The word "vape" does not yet appear in the Oxford English Dictionary. But it likely will; on Monday, the editorial staff at Oxford Dictionaries named it the word of the year. It beat out a number of other neologisms, including "normcore," "slacktivism" and "indyref" (a reference to the recent referendum on Scottish independence) — the last in particular a coinage of the moment, which, like the vote to which it refers, has little, or questionable, staying power.
That's the thing about the word of the year: It's a linguistic beauty pageant. "Vape" was chosen because as Casper Grathwohl, president of Oxford's Dictionaries Division, explains in the Wall Street Journal, it "sat at the center of several rich cultural conversations: the debate over private versus community rights; regulation and public health; and our relationship to our visible vices. Given the booming e-cigarette market sector, expect to hear more from 'vape' in the years to come."
Well, yes. All you have to do is count the green cross storefronts in my neighborhood to know that "vape" is not going anywhere.
Nonetheless, all of this raises an interesting question: How does language change? It may be true that "vape" has been around for a while — according to Oxford, it first appeared in a 1983 article — but is popularity really the best criterion? Or do we want our words to have more fortitude?
Earlier this fall, I tweeted (yes, another neologism) about my least favorite malapropism: the use of "transition" as a verb. Someone replied that it appeared as such in both the New Oxford Dictionary and the Oxford Dictionary of English. That's their right, I suppose, but I remain unswayed — for me, "transition" is (and always will be) a noun, just like "journal" or "impact." The dictionaries are wrong.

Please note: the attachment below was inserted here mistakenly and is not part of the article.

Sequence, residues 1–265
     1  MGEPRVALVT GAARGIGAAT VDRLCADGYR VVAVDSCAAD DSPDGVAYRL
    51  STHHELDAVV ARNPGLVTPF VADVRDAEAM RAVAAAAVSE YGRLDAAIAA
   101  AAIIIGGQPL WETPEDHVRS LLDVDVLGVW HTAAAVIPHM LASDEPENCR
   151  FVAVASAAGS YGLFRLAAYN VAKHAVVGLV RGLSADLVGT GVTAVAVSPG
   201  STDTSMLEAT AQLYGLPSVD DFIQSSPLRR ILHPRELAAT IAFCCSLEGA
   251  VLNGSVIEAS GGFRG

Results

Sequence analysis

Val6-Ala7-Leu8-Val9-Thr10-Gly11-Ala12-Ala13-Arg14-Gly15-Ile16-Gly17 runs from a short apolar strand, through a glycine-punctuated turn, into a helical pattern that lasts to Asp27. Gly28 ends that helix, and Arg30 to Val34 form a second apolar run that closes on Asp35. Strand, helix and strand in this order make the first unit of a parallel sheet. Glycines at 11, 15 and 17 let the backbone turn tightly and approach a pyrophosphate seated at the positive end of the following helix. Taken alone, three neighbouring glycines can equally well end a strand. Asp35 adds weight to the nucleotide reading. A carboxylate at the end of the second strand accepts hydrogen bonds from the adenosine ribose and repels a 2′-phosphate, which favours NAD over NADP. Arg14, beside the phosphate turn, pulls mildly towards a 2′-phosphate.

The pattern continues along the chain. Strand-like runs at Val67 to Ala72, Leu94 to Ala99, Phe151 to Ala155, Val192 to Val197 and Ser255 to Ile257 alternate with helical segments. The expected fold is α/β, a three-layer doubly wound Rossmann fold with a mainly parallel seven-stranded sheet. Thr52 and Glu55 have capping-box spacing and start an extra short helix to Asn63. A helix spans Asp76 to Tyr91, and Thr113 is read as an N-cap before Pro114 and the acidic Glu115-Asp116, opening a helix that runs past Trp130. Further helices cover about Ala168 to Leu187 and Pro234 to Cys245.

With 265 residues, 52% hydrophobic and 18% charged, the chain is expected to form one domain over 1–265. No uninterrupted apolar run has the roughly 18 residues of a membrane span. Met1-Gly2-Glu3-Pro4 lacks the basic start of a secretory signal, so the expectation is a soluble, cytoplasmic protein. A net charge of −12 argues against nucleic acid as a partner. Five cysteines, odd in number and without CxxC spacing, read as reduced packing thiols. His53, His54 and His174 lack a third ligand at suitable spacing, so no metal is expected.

Still, how can we deny that language is also living, that it grows and changes as we do? "Internet," "google" (as, yes, a verb), even 2013's word of the year, "selfie" — these have become part of the vernacular. "Vape" occupies a similar territory, a symbol of communication's adaptability … and its evanescence.
A year and a half ago, researchers from England's University of Reading announced the discovery of 23 "ultraconserved" words that had come down from an ancestral language 15,000 years in the past. These are root words, basic building blocks of language, and yet I can't help thinking of all the countless others that did not survive.
In that regard, we cannot help but see language as elusive; even as it evolves, it disappears. Think about the buzzwords of the recent past — "dial-up," "chad," "Y2K," "refudiate" — for a sense of how quickly we move on.
"Vape," I agree, has more endurance. Even more, it rolls gently off the tongue. But word of the year? It's a strange concept … especially in a world, a culture, where words themselves regularly vaporize.